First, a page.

Self-reported HIV-negative black and Latino MSM who engaged in serosorting or strategic positioning were less likely to have unrecognized HIV infection than men who engaged in unprotected anal intercourse without using these risk-reduction strategies. Copyright © 2010 American Sexually Transmitted Diseases Association All rights reserved. Source

O'Donnell L.,Education Development Center Inc.
Health promotion practice | Year: 2010

This study evaluates the Especially for Daughters intervention, which aims to provide urban Black and Latino parents with information and skills to support their daughters in delaying sexual initiation and alcohol use. In a randomized field trial, 268 families with sixth-graders were recruited from New York City public schools and assigned either to the intervention, a set of audio CDs mailed home; an attention-controlled condition (print materials); or controls. Girls completed classroom baseline and three follow-up surveys, and telephone surveys were conducted with parents. At follow-up, girls in the intervention reported fewer sexual risks (adjusted odds ratio [AOR] = 0.39, confidence interval [CI] = 0.17-0.88) and less drinking (AOR = 0.38, CI = 0.15-0.97, p < .05). Their parents reported greater self-efficacy to address alcohol and sex and more communication on these topics. This gender-specific parent education program was for communities with high rates of HIV, where early sexual onset is common and often fueled by alcohol. Source

Trockel M.,Sierra Pacific Mental Illness Research | Trockel M.,Stanford University | Karlin B.E.,Health-U | Karlin B.E.,Education Development Center Inc. | And 6 more authors.
Sleep | Year: 2015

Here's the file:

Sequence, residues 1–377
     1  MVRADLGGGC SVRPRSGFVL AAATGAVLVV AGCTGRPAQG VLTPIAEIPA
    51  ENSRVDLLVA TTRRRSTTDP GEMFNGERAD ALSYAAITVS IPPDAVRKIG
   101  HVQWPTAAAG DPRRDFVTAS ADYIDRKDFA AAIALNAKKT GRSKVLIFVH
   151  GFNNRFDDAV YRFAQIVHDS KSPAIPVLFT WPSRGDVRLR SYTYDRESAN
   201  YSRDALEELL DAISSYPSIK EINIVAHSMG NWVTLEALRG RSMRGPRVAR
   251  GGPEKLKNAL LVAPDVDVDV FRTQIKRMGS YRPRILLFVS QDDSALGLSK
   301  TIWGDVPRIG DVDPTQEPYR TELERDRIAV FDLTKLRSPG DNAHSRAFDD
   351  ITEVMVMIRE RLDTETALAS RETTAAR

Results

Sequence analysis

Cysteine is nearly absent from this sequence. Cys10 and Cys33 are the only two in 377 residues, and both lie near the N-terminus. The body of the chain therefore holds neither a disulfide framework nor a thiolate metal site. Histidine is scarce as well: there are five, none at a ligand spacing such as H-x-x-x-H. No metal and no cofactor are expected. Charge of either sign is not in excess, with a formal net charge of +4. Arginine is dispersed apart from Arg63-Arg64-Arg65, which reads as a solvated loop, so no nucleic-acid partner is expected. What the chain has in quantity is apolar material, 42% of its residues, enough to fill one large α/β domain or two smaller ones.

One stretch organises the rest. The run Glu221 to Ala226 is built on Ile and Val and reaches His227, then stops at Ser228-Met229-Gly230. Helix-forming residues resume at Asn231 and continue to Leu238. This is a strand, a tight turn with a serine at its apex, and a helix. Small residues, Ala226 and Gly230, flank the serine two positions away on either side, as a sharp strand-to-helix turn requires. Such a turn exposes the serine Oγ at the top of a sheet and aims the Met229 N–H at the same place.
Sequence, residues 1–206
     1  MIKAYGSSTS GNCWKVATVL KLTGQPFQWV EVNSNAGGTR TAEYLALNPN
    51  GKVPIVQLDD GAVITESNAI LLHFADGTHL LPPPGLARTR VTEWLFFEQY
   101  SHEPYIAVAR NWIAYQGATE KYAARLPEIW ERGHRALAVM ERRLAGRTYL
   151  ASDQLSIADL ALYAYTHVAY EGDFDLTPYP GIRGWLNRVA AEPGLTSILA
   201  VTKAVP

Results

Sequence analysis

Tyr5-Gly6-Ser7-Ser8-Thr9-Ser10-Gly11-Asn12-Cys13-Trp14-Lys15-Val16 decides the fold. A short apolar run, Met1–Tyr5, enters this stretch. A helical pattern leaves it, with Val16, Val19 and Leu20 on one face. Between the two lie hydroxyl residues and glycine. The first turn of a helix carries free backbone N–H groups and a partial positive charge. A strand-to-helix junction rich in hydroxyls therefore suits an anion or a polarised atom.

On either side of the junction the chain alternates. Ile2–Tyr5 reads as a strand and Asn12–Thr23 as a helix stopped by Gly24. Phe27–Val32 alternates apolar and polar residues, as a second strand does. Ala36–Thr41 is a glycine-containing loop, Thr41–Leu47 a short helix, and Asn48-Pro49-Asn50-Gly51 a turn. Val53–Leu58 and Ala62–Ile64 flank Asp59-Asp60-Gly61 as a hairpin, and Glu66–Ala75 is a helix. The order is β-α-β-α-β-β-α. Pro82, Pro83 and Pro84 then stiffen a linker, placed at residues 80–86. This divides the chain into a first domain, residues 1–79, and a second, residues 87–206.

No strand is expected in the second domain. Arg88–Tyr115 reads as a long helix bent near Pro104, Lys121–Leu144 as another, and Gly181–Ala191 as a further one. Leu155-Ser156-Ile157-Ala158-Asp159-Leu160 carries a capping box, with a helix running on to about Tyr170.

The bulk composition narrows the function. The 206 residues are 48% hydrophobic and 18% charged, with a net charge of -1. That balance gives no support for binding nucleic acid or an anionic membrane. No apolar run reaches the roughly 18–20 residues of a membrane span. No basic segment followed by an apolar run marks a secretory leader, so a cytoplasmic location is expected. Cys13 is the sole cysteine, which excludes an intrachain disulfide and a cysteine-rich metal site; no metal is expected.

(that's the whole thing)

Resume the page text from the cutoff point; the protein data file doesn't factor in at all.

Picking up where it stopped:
Objective: To examine the effects of cognitive behavioral therapy for insomnia (CBT-I) on suicidal ideation among Veterans with insomnia. Design: Longitudinal data collected in the course of an uncontrolled evaluation of a large-scale CBT-I training program. Setting: Outpatient and residential treatment facilities. Participants: Four hundred five Veterans presenting for treatment of insomnia. Interventions: Cognitive behavioral therapy for insomnia. Measurement and Results: At baseline, 32% of patients, compared with 21% at final assessment, endorsed some level of suicidal ideation [χ2(df = 1) = 125; P < 0.001]. After adjusting for demographic variables and baseline insomnia severity, each 7-point decrease in Insomnia Severity Index score achieved during CBT-I treatment was associated with a 65% (odds ratio = 0.35; 95% confidence intervals = 0.24 to 0.52) reduction in odds of suicidal ideation. The effect of change in insomnia severity on change in depression severity was also significant. After controlling for change in depression severity and other variables in the model, the effect of change in insomnia severity on change in suicidal ideation remained significant. Conclusion: This evaluation of the largest dissemination of cognitive behavioral therapy for insomnia (CBT-I) in the United States found a clinically meaningful reduction in suicidal ideation among Veterans receiving CBT-I. The mechanisms by which effective treatment of insomnia with CBT-I reduces suicide risk are unknown and warrant investigation. The current results may have significant public health implications for preventing suicide among Veterans. Source